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Iraq may be known as one of the world's most dangerous places for journalists, but the murder of a BBC cameraman in Saudi Arabia last week has raised fears about media safety in the royal kingdom, report the International Federation of Journalists, Reporters Without Borders (Reporters sans frontières, RSF) and the Committee to Protect Journalists (CPJ).

On 6 June 2004, unidentified men opened fire on BBC reporter Frank Gardner and cameraman Simon Cumbers near the capital city of Riyadh, says CPJ. Cumbers died instantly. Gardner survived the attack but received serious wounds.

The journalists were filming a house belonging to an Al-Queda militant killed last year by Saudi police. They were accompanied by a Saudi government minder. Authorities are questioning the minder. The shooting occurred in the suburb of Al-Suwadi, known as a hotbed for religious extremists in Saudi Arabia. Gardner and Cumbers had been covering the recent terrorist attacks in the country, including in the city of Khobar where 22 people were killed by Al Queda militants.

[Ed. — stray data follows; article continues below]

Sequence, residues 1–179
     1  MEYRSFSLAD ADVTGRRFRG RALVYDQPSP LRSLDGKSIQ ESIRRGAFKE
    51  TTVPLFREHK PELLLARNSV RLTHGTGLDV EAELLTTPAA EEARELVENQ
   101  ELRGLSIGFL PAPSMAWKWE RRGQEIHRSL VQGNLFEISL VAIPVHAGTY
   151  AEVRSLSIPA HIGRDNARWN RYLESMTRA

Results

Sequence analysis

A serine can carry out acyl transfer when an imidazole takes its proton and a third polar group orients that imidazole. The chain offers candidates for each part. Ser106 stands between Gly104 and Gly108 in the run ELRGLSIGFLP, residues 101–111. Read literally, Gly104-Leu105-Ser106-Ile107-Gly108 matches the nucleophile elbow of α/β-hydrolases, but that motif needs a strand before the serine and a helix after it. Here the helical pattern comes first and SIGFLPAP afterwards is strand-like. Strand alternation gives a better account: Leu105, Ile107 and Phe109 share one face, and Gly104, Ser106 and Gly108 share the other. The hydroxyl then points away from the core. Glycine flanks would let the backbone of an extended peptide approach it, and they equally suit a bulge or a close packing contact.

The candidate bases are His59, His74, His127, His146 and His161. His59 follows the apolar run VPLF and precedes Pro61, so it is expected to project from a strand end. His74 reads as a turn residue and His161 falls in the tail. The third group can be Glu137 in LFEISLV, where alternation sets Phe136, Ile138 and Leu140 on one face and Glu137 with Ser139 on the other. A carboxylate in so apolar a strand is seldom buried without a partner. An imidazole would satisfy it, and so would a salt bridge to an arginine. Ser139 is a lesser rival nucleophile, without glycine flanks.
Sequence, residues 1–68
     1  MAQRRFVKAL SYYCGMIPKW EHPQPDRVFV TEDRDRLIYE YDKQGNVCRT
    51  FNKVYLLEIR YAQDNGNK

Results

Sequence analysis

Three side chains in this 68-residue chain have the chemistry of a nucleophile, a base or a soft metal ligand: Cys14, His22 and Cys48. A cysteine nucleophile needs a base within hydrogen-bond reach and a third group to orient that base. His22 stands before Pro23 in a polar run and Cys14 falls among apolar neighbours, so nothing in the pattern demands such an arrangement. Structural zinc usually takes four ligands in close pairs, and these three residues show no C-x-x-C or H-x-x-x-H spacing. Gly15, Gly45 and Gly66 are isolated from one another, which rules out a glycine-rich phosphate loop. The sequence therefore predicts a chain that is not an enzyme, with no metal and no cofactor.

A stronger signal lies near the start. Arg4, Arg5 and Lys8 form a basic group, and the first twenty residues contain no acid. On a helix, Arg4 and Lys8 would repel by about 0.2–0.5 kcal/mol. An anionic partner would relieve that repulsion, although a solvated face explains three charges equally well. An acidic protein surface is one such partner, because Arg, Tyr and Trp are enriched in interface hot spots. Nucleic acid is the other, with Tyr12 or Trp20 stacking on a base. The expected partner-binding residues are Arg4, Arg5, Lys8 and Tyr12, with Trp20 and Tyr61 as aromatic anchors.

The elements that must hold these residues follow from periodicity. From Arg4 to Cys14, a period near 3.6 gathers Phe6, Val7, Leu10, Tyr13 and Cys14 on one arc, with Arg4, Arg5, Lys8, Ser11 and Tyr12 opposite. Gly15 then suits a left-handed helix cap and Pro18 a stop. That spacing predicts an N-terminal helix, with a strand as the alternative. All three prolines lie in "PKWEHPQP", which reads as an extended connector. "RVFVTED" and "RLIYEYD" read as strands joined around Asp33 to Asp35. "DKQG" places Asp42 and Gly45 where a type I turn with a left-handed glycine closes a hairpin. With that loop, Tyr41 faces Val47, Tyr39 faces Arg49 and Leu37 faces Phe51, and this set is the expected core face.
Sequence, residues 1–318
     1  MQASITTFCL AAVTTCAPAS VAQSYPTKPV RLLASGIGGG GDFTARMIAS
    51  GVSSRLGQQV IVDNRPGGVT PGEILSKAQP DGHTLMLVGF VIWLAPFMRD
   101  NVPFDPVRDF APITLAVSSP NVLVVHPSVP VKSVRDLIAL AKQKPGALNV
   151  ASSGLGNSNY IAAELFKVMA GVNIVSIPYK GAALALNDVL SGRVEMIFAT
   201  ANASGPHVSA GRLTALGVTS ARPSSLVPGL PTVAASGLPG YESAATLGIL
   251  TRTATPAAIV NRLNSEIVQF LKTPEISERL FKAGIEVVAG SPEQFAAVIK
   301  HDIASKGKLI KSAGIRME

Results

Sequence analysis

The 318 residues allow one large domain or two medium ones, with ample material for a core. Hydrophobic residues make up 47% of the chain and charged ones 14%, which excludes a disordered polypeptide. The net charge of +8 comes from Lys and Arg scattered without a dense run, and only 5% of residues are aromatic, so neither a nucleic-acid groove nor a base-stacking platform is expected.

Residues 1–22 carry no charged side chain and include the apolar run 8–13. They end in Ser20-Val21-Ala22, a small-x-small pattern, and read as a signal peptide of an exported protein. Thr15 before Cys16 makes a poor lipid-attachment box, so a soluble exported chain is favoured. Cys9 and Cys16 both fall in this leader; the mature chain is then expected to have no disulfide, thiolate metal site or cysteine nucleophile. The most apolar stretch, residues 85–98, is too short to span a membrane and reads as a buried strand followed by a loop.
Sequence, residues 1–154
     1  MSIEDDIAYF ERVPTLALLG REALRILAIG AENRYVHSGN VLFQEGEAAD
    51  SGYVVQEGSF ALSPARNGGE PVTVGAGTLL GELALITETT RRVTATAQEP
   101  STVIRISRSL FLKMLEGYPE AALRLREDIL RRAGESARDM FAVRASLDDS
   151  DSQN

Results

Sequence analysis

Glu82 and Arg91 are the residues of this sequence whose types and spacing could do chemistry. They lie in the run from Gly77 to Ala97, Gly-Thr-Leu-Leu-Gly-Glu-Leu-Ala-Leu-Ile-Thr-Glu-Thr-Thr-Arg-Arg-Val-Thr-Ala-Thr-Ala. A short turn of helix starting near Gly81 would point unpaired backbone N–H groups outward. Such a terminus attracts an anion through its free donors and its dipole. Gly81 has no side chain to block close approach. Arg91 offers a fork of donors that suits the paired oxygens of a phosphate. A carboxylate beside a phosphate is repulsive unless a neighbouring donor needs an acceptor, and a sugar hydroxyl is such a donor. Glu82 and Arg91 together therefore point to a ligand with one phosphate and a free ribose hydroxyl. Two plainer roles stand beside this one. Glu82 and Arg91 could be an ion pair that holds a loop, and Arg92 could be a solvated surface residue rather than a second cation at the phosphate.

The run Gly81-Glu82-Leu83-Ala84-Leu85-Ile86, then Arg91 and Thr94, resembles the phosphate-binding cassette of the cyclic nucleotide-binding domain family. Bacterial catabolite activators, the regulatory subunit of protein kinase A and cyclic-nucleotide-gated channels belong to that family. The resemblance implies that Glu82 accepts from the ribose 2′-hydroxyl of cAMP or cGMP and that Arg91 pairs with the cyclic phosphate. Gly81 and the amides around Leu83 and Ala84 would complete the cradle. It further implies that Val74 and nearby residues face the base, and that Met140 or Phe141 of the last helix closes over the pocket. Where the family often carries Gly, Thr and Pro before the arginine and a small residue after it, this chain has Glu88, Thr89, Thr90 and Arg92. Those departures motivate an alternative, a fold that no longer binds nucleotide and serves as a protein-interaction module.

Meanwhile, in Iraq, another journalist has been added to the list of killed media staff in the country. Sahar Saad Eddin Nuami, editor of three weekly newspapers in the northern city of Kirkuk, was killed in a grenade attack on 3 June, RSF reports.

According to the organisation, unidentified assailants threw a grenade at Nuami's car as he was driving through the city. He died instantly. He was the editor of "Al-Mizan," "Al-Khaima" and "Al-Hayat al-Gadida." RSF says he is the 33rd media worker killed in Iraq since March 2003.

Visit these links:

- BBC Obituary of Simon Cumbers:
- CPJ Report "Conflict in Iraq":
- RSF:
- IFJ Safety Manual:
- International News Safety Institute:
(Image courtesy of RSF)

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